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Georgia Maq Reflects On Camp Cope’s Impact In ‘Industry-Shattering’ Keynote

8 September 2023 | 11:17 am | Staff Writer

"I will never regret fighting and speaking back, nor will I ever regret making enemies..."

Georgia Maq

Georgia Maq (Credit: James J Robinson/BIGSOUND)

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Camp Cope vocalist Georgia Maq appeared at BIGSOUND this week and offered a rousing speech as a conference speaker on the penultimate day of the 2023 music festival and conference event.

Taking the audience through what she’s learned throughout her career in the music industry, Maq went through her beginnings as an 18-year-old girl reckoning with her privilege beginning to play music, to forming Camp Cope with her bandmates Kelly-Dawn Helmrich and Sarah ThomoThompson, and all the defying the status quo kind of statements we expect from her.

In her “absolutely wild industry-shattering speech,” as she called it and shared with The Guardian, Maq recalled forming Camp Cope and quickly realising that the acclaimed punk band had been forced into a political position due to being three women in a rock band. This was in 2016 when it was far more uncommon to see a band like Camp Cope appearing on festival line-ups.

Camp Cope were “three friends who wanted to play shows and make a record together,” Maq said. “We were forced into a political position because in 2016 being three women in a band was a political statement in itself.”

She told the BIGSOUND delegates, “We were asked who wrote our songs for us, we were asked if we were the groupies or the girlfriends when we were on our first tour, our male tech was asked multiple times over the years if he was our manager and in the first review of our live show, the only band whose appearance was commented on was ours, the only women on the bill.”

By the end of 2016, triple j called Camp Cope “this year’s girl band”, leading Maq to exclaim, “We weren’t ever just a band; we were a ‘girl band’; a derogatory and made-up genre where we are less important, less cool and less worthy of respect.”

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Despite how Camp Cope were treated by people in the music industry, their eight-year existence as a band undoubtedly changed lives.

Maq proudly shouted out to fans with Camp Cope tattoos, the people who started bands because of them, a transgender woman who realised she was trans by listening to their music, and a father with stage four cancer revealing that he’d mended and strengthened a broken relationship with his daughter.

“We strived to show young girls and queer people that they have a place on the stage, that their voices matter, and their music can have an impact,” she said. “We are still one of the only internationally renowned and critically acclaimed bands of all women to come out of Australia, and we did it all ourselves – with no external management, no showcases and no major labels.”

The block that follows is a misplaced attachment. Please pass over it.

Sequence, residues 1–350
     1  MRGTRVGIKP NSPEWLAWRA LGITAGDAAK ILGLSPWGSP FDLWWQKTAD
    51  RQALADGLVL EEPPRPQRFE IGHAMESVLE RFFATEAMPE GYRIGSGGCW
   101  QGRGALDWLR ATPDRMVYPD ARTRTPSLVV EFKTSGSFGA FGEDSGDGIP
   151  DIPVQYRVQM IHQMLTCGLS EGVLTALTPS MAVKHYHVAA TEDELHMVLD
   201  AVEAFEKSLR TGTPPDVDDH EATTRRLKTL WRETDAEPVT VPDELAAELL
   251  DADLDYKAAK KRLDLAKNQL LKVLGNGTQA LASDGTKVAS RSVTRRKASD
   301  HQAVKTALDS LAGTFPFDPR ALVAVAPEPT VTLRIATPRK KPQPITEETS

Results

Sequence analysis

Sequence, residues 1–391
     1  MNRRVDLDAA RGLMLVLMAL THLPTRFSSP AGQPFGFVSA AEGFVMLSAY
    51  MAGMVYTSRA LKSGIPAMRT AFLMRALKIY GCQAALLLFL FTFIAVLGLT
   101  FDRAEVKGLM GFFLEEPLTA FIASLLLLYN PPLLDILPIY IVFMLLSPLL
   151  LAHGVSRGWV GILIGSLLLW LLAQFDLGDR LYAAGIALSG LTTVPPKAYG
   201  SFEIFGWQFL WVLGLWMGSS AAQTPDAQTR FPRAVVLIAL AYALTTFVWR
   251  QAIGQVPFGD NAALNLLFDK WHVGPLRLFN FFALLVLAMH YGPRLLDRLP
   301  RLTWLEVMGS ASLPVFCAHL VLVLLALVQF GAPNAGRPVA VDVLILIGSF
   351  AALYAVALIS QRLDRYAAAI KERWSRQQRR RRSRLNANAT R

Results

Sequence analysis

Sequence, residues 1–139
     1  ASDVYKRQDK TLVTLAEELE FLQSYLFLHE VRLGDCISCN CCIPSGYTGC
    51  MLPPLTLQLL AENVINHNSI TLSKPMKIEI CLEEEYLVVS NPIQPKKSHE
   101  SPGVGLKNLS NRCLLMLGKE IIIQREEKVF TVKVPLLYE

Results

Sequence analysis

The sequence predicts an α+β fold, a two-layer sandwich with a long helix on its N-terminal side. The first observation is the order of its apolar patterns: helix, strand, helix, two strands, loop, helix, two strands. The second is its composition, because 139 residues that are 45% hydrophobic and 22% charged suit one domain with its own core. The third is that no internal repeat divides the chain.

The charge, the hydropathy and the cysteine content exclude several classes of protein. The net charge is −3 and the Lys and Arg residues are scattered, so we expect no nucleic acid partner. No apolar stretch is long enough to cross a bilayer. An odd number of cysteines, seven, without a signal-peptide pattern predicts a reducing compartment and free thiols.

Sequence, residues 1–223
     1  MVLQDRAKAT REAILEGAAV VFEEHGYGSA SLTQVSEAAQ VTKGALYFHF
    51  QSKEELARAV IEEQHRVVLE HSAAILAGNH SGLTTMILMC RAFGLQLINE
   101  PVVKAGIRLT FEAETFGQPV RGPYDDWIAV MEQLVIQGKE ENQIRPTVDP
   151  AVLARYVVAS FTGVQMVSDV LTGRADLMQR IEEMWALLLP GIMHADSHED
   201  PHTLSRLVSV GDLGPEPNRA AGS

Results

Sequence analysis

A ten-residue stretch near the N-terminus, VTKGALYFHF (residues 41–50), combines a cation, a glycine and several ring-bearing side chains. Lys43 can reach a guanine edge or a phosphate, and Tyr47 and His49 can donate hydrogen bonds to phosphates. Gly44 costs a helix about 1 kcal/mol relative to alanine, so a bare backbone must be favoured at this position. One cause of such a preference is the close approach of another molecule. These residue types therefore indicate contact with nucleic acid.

Maq acknowledged her inspirations in Bikini Kill and making live music safer, continuing, “If the music industry wasn’t going to do anything about our safety, we would.”

“Camp Cope started the It Takes One campaign before we played our first festival, to help end sexual assault and violence at shows. For our tours, we set up hotlines for people to call if they felt unsafe and needed help.”

Camp Cope’s hotline extended to Laneway Festival, which implemented the idea in 2017. To this day, 1800-Laneway still exists.

She explained, “Laneway Festival worked with us to create a helpline for anyone who felt unsafe or uncomfortable at the festival. 1800-Laneway is still being used to this day, and I would like to thank the organisers for that: it was one of the best and most important experiences of my life.”

Despite the sexism Maq and her bandmates were subjected to, she revealed that she wasn’t taught how to fight by the music industry but was taught that she needed to fight.

“I had a duty to fight for every person who wasn’t granted the grace men were given,” Maq stated. “I’ve been told that I wasn’t good enough to play because I was a girl, and I’ve been told that I only got to play because I was a girl.”

In addition to being told that she was only given opportunities because she’s a girl, her appearance and “proximity to men in the industry” were other reasons people were sexist towards her. “Men told jokes, publicly by the way, about sexually assaulting me, and then said I was too loud and too angry because I was speaking about being sexually assaulted by men,” Maq continued.